New Economics Papers
on Banking
Issue of 2012‒01‒10
nine papers chosen by
Christian Calmès, Université du Québec en Outaouais

  1. Consumer credit and payment cards By Wilko Bolt; Elizabeth Foote; Heiko Schmiedel
  2. Credit rating changes’ impact on banks: evidence from the US banking industry By Apergis, Nicholas; Payne, James E.; Tsoumas, Chris
  3. Is the Financial Safety Net a Barrier to Cross-Border Banking? By Bertay, Ata Can; Demirguc-Kunt, Asli; Huizinga, Harry
  4. A smoke screen theory of financial intermediation By Breton, R.
  5. Dependent default and recovery: MCMC study of downturn LGD credit risk model By Pavel V. Shevchenko; Xiaolin Luo
  6. A tale of three countries: recovery after banking crises By Zsolt Darvas
  7. Financial distortions and the distribution of global volatility By Eden, Maya
  8. Resilience to Contagion in Financial Networks By Hamed Amini; Rama Cont; Andreea Minca
  9. Pricing in Retail Payment Systems: A Public Policy Perspective on Pricing of Payment Cards By Wilko Bolt; Sujit Chakravorti

  1. By: Wilko Bolt; Elizabeth Foote; Heiko Schmiedel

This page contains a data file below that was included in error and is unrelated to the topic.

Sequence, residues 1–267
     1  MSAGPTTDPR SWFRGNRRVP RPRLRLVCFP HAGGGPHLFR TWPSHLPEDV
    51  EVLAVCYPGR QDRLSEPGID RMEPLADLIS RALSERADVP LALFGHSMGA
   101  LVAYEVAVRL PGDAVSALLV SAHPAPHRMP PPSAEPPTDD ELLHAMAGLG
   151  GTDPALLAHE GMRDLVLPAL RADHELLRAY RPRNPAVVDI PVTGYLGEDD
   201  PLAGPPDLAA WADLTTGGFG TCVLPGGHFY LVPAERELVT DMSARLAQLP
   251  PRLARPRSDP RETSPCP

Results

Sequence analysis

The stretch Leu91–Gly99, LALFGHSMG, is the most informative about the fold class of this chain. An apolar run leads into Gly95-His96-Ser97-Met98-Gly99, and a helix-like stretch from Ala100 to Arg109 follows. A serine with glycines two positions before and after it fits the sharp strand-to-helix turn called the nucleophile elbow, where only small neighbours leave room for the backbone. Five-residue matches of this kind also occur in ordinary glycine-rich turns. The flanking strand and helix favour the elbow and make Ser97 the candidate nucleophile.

Abstract: We consider debit and credit card networks. Our contribution is to introduce the role of consumer credit into these payment networks, and to assess the way this affects competition and equilibrium fees. We analyze a situation in which overdrafts are associated with current accounts and debit cards, and larger credit lines with ‘grace’ periods are associated with credit cards. If we just introduce credit cards, we find their merchant fees depend not only on the networks’ cost of funds and the probability of default, but also on the interest rates of overdrafts. Whilst debit card merchant fees do not depend on funding costs or default risk in a debit-card only world, this changes when they start to compete with credit cards. First, debit merchant acceptance increases with the default probability, even though merchant fees increase. Second, an increase in funding costs causes a surprising increase in debit merchant fees. Effectively, the bank offering the debit card benefits from consumers maintaining a positive current account balance, when they use their credit instead of their debit card. As a result, this complementarity may lead to relatively high debit card merchant fees as the bank discourages debit card acceptance at the margin.